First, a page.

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Ex-Angels player Doug DeCinces indicted in insider-trading case

November 28, 2012 |  5:37 pm

Doug DeCinces
Former Angels baseball player Doug DeCinces and three others were indicted on insider trading charges for allegedly using non-public information to buy stock in a Santa Ana medical device company, federal authorities said Wednesday afternoon.

DeCinces, who lives in Laguna Beach, allegedly used information from a former high-ranking official of the company, Advanced Medical Optics, to buy stock prior to the announcement of a tender offer from an international medical firm, according to a 44-count indictment.

DeCinces allegedly spent about $160,000 to buy more than 90,000 shares of the stock, which earned him more than $1.3 million in profits, according to the indictment filed Wednesday afternoon in U.S. District Court in Santa Ana.

DeCinces was charged with 42 counts of securities fraud and one count of money laundering. Each of the fraud counts carries a maximum sentence of 20 years in prison, and the money laundering count carries a 10 year maximum sentence, authorities said.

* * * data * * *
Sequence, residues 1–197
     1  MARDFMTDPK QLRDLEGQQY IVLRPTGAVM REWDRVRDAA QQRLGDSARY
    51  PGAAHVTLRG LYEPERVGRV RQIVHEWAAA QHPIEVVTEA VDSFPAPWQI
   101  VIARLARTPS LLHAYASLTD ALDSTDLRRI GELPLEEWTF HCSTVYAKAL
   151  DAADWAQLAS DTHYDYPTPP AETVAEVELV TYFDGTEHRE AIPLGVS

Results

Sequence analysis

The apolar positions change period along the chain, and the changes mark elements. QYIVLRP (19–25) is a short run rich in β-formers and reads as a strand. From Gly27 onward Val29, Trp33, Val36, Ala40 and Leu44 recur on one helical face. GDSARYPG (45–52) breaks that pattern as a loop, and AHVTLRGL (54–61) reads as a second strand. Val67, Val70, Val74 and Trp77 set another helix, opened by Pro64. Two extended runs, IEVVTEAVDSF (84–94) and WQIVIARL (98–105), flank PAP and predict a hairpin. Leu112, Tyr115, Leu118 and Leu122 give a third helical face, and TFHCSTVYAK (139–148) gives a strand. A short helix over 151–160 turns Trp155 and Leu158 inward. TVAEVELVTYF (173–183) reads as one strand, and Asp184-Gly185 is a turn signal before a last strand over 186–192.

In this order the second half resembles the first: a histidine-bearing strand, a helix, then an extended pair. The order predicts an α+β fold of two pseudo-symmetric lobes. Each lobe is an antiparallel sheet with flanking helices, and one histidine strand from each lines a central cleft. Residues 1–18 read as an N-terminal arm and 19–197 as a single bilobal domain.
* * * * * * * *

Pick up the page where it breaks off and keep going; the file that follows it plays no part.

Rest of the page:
DeCinces was a third baseman who played from 1973 until 1987 with the Baltimore Orioles, St. Louis Cardinals and Angels.

In August 2011, DeCinces agreed to pay $2.5 million to settle allegations by the Securities and Exchange Commission that he made huge profits after the tender announcement in January 2009.

According to an SEC lawsuit, DeCinces made more than $1.2 million in the stock deal. DeCinces, president of an Irvine real estate development firm, agreed to the settlement without admitting or denying the allegations, the SEC said.

Also indicted were David Parker, 60, of Provo, Utah; Fred Scott Jackson, 65, of Newport Beach and Roger Wittenbach, 69, of Lutherville-Timonium, Md.  Federal authorities described all three men as friends of DeCinces.

DeCinces and the others are being summoned to appear for arraignment on Dec. 17 in federal court in Santa Ana, the U.S. attorney's office said.


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— Robert J. Lopez


Photo: Doug DeCinces at his desk in August 2011. Credit: Rick Loomis/Los Angeles Times